What is virtual health?

Virtual health refers to the delivery of health services in a way that is independent of time or location using enabling technology, such as video conferences, mobile apps, in-home sensors, text-based messaging and analogue telephones. Virtual health visits can take place between a patient and his/her clinician, or between clinicians. But virtual health goes beyond video conferences (synchronous visits) to include remote patient monitoring, email/telephone communication and store-and-forward technology (asynchronous visits, in which data such as MRI scans or photos of a rash are captured and sent to medical professionals via a secure and encrypted internet connexion). With applications designed to drive connected, co-ordinated care, virtual health can complement, or substitute for, in-person care as appropriate (figure 1). These applications present a critical opportunity for rural areas to receive improved access to care.

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How can virtual health help rural communities?

Among the many issues impacting rural America, access to health care and related health disparities rank among the top (figure 2). A recent spike in hospital closures has exacerbated these issues, as more health care professionals in rural areas already experiencing provider shortages have left to find jobs elsewhere. This has resulted in many rural residents needing to travel even longer distances to receive care and has increased access barriers to both speciality and primary care because hospital emergency departments are a major source of primary care in rural communities.2 Among the hardest hit have been elderly and low-income populations; both are more likely to delay or forego needed care because of transportation challenges. What’s worse, the trend in rural hospital closures is expected to continue.3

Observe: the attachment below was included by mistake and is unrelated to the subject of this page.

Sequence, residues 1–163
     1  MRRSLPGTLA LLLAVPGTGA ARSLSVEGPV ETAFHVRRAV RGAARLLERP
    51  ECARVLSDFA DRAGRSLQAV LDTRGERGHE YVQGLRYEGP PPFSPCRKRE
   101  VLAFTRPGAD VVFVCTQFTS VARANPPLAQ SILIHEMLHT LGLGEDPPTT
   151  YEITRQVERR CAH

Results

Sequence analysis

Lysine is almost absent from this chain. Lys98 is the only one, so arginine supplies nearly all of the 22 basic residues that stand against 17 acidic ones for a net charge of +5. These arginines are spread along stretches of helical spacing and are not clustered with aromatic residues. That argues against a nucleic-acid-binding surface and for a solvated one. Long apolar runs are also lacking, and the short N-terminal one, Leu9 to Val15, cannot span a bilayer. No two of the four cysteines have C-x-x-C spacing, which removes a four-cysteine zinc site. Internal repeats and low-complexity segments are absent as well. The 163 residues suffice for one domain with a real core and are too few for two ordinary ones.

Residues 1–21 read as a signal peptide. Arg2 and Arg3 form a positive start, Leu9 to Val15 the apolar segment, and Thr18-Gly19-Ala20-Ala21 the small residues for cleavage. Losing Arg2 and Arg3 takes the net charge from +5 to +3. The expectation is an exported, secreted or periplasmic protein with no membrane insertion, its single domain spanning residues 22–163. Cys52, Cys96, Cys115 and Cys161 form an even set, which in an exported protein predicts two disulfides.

Virtual health has been identified as one part of a suite of new health care models that could help address rural health needs and narrow the rural-urban health divide. Virtual health has been around in some form for decades. However, due to advances in digital technologies,4 an increasingly supportive policy landscape5 and a growing evidence base showing its effectiveness (see appendix), implementing it now makes more sense than ever. Nevertheless, successful implementation of virtual health into mainstream health care systems has been slow.

There are several forms of virtual health that can be used in lieu of and in addition to, in-person visits to alleviate various rural health challenges, including provider shortages and time, distance and transportation barriers. These include virtual visits, shop-and-forward technology and email/ telephone communication (see sidebar, “What is virtual health?”). Virtual visits can be used to address speciality provider shortages by connecting groups of community providers with specialists at centres of excellence in real-time sessions. This allows specialists to share their medical knowledge and expertise with on-site clinicians, helping them diagnose and determine a course of treatment for a patient.